Face it: some days you are just better than others. We all have days when we are rocketing along, firing all cylinders and hitting one home run after the next. These are the great days when we can accomplish just about any task we have set for ourselves and these are the days that matter. Of course there will be the less-than-great days and these are the ones that require you to focus all the harder to maintain your productivity. On bad days I am even more dependent on the simple unadorned checklist I use to keep me focused, force me to be task-oriented, and drive me through in spite of that low-tide of efficiency.

2. Distractions abound.
Business (and life in general) is full of distractions, great and small and the humble checklist helps me to keep my priorities well ordered. Email, for instance, is one of the greatest enemies of productivity; plenty of studies have shown that reading and answering your emails in the course of the day can make it very difficult to shift focus back to other tasks. I find myself looking to the checklist after a round of emailing to help me get my mind back onto the other tasks that I have set for myself that day.

3. (Lack of) memory is the enemy.
I don’t know about you, but I sometimes just plain forget things. That call I need to make; the email I need to send, or the checks I need to sign. Put them down on your list as they occur to you – a good trick is to maintain a separate list of little stuff; chores such as phone calls, emails, and simple undertakings. Your “big” list is composed of higher level activities and should include just 2-3 items per day; these are things that require deeper thinking, such as strategic planning, analysis, and writing and may often require hours of your time, as opposed to the little chores which will take you mere minutes.

4. Know your peak productivity.
Let your checklist help you in your time of need. For me I am talking about the late afternoon hours, when I know my energy and focus are at a low point. We all have those low points and the trick is to acknowledge them and embrace the predictability of their arrival. I know for instance that I am at my peak time to work is the morning, so this is when I delve into the more complex, higher level work I have on my list; the afternoon is typically reserved for the mundane duties in front of me on the “little” list.

5. There is a memoir in your future.
Finally, let your checklist be your journal. What better place to record the events of your day? What more appropriate place to look back on the notes from a call, or check the date of an event? One reason I use a notebook for my checklists is that I date them as I go and can easily reference the older lists and notes to remind myself of the details of that day, to look up a forgotten name, or to find an important phone number. And if a literary agent should ever come sniffing around, trying to convince me to publish those memoirs, I will know just where to start!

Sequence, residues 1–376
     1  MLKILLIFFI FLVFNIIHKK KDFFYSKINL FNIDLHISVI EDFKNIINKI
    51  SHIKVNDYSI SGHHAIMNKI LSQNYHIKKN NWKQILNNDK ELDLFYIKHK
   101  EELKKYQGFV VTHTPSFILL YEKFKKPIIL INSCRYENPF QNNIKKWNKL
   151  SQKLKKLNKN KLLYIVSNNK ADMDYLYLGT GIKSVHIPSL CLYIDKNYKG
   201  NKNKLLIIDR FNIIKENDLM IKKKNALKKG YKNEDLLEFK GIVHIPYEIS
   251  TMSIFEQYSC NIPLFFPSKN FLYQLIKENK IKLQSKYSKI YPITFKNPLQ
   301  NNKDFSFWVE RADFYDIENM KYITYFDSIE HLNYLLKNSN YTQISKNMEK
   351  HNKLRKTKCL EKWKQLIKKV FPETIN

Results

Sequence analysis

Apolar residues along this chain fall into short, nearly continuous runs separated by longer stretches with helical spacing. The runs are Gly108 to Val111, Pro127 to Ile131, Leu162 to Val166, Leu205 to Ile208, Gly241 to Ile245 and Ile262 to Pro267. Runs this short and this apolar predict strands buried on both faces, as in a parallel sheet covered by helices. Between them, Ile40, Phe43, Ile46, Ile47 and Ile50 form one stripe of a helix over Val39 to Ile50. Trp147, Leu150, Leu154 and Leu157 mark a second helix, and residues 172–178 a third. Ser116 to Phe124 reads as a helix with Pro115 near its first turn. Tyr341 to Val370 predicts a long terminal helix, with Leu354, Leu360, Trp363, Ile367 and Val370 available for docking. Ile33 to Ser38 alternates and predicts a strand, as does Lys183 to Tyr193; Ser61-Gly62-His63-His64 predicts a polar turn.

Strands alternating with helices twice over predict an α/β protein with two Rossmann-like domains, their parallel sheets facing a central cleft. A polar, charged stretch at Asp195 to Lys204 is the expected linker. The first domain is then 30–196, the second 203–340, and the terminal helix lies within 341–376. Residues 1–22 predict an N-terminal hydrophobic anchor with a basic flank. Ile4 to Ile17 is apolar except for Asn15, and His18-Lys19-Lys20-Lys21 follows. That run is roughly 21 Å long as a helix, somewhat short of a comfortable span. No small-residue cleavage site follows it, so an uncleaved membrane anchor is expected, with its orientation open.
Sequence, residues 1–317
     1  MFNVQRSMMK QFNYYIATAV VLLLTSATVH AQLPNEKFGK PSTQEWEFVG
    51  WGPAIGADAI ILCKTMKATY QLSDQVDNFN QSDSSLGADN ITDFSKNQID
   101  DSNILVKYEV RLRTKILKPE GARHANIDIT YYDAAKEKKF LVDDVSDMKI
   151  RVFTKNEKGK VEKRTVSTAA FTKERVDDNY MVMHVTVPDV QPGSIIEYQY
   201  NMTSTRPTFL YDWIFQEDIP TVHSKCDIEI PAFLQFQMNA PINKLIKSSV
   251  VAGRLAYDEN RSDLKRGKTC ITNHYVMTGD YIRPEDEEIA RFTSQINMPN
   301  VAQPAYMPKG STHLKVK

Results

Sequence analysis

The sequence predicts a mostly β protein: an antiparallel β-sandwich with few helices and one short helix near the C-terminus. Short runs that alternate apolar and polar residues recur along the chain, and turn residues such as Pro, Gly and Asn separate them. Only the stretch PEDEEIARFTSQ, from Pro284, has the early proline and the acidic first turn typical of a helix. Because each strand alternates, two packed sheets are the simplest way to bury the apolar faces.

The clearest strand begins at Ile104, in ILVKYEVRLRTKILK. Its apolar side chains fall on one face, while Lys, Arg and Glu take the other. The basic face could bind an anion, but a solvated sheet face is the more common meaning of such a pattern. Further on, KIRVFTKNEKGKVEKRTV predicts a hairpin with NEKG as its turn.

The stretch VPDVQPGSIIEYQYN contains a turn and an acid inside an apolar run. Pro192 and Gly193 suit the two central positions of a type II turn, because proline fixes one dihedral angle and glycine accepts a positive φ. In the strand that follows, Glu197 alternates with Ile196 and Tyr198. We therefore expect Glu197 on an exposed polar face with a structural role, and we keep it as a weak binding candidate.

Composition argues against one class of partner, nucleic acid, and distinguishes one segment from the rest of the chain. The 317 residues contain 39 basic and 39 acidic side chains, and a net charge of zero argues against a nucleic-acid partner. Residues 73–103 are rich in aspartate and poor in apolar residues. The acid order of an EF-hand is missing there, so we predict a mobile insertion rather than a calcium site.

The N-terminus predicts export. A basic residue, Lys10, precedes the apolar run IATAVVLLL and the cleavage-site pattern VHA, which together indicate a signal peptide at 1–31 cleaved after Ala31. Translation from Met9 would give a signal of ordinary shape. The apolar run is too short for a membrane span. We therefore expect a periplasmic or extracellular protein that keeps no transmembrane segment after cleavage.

How about you? Do you use lists in the same way I do? Do you have other tricks that work for you to help maintain your focus or improve your productivity?


May 13, 2011

Ignoring the Small Stuff Can Be a Big Mistake

Filed under: Marketing Quick-Tip — admin @ 8:14 am

Important opportunities don’t always arrive in big packages. Instead, they initially present themselves as insignificant thoughts or occurrences that are just as easy to dismiss as they are to explore.

All Great Things Have Small Beginnings

Many rewarding relationships have their start as a chance encounter that is bolstered by a small gesture. Some of the greatest product and service ideas started as a lighthearted comment, or by noticing some nagging little problem that needed to be solved.

Don’t discount the seemingly unimportant; even the biggest trees start as small seeds.


May 5, 2011

The role of small business marketing in a sluggish economy

Filed under: Marketing Quick-Tip — admin @ 8:32 am

The weekly first-time-filer numbers wre released yesterday and – yes – we are still bleeding jobs at a pace unheard of since the Great Depression. The current number for the week is 429,000 new jobless claims!

The bright spot is small business, which consistently contributes 75% of the net new-job growth. The economy currently is showing a few encouraging signs of restarting its motor and – you guessed it – the spark plug for this newest awakening is small business.

And. the most progressive small business are in the process of stepping-up their marketing efforts. This will give them a great “leg-up” on their competitors once the market returns to the “new normal.”